The terminal in your computer is the most interesting way to interact with your computer. Way before there were mouses, keyboards and proprietary operating systems with immensely user-friendly features, there was only a small window, a blinking cursor and an extensive series of commands. Each of these commands served a purpose and looked to take care of a specific task. With technology moving at the rate it is most average computer users don’t see a need for using the terminal window. Why type when you can click?
Devoted terminal users cite a certain amount of freedom with the terminal; a break from the modality of the point-and-click aspect of computing. In other words, “what I say, is what is done” sort of mentality. There’s certainly pros and cons of each, but that is for you to decide what those are.
This post looks to approach understanding the terminal if you were someone with little to no understanding of what terminal commands are or even what a terminal is. For this section, I’ll be using my Macbook (my Ubuntu loaded book is currently away from me at the moment…), but rest assured, terminal is terminal across any operating system – Linux, OSX or otherwise.
Terminal Terminology 101
Before jumping into the terminal and punching in commands, there were some terms that I regret not investigating the meaning of sooner. To save you the hassle of scouring the Internet for all these terms, here are the most basic ones it helps to know which will help you on your mission to understanding terminal computing:
1. Shell (sh): A shell is a command-line interpreter. This is where you’ll be punching in commands which will get your computer to perform actions. There are different kinds of shells for computing as we’ll see below.
2. Bash (Bourne Again Shell): This is the most common kind of shell where commands are put in. There are other kinds of shells including: the Korn Shell (ksh), the C shell (csh) and the TC-shell or T-shell (tcsh).
3. Terminal: The terminal is actually the program that runs a shell. Most shells in computers are the Bash shell. It can’t actually be pictured per se as all of the shells above are the visual representations of the terminal program in action. Those ARE the Terminals.
- Shell is the general name for any command-line operator.
- Bash is a kind of shell – the most common kind of shell – and 99% of the time will be the one you use when you’re making commands.
- Terminal is the program that runs the shell and in most cases it will be the Bash Shell.
Playing with the Terminal
Before there were keyboards and mouses to get around a computer, there was only the terminal and a slew of commands that could be applied to get things done. Now, the keyboard and mouse are staples to any computing experience and the terminal has gone by the wayside for 90% of the computer users. Which is a shame. Though it takes some getting used to, the terminal, whether in a Linux or UNIX based distribution (or distro) like Ubuntu or Fedora or on a Mac, can provide the ultimate experience in user flexibility.
Upon opening the terminal you should see a shell prompt that has: username@hostname:~$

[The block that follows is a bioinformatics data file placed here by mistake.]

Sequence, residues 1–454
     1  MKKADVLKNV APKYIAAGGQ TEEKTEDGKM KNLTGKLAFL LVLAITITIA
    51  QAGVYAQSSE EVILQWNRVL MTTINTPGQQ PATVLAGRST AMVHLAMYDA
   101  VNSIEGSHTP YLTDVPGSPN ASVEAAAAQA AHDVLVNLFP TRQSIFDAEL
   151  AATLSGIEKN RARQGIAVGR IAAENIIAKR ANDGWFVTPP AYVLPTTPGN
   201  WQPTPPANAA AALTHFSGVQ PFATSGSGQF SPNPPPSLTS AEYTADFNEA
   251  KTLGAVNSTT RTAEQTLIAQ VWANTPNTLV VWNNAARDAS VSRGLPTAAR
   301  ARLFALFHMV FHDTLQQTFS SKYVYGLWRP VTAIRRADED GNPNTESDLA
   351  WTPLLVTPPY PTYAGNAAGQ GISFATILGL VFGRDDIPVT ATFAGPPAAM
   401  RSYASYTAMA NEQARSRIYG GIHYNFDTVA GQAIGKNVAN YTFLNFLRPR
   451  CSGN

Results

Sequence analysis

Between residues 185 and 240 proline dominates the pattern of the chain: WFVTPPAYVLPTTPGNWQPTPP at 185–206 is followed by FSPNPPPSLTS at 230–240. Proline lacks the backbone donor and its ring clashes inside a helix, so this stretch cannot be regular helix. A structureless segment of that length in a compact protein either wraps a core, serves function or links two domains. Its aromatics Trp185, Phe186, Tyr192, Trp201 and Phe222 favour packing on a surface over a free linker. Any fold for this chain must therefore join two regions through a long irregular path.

- Username is you or rather the name your computer is registered under.
- Hostname is your computer (ubuntu will likely have @ubuntu; my macbook for this exercise has macbook-pro).
- The “~” symbol is shorthand for “your home folder”. In other words, the folder (or Directory) you are currently in. More on that below.
- “$” means that you are the superuser. As superuser, you are just a person, so to speak, making commands in the terminal. The flipside to superuser is Root (which would show up as username@hostname:~# instead). More on that in the future.
*NOTE: I censored my last name in each of these examples – that’s what the white line is about 🙂
These are some of the most common commands for all terminal users that we’ll go over right now. There will certainly be other installments of this series in the near future, covering more advanced commands and concepts. In the mean time, here are 3 basic commands for terminal computing:
1. ls. The ls command creates a list of the current files and directories. The equal to clicking on the User name and seeing a list of folders show up:
2. cd. The cd command changes directories. In the terminal, each section of your computer (Desktop, Documents, Pictures, etc.) are seen as directories. Rather than navigating with your mouse from Desktop to Documents to Pictures, you can type the command cd followed by the directory. Now we’re on my Desktop. Now that we’re on Desktop, we can use the ls command again to see the contents of the Desktop directory
3. clear. Clear command simply clears all the text present in the terminal.
This was a small, small glimpse into the terminal. Albeit from this entry, you have a better understanding of the most basic terminologies and three simple commands. Terminal computing can seem like a daunting thing when you look at it for the first time. But like most things, you’re going to be frustrated at first – but that’s the learning process. You will learn to love what you’re learning with time. Remember: proper practice makes perfect and a thirst for knowledge can only help.
This will certainly be a topic that will come back in the future.
Looking to get in touch with your computer expert? Check out this cool link as well for more commands and in-depth explanation of terminal computing.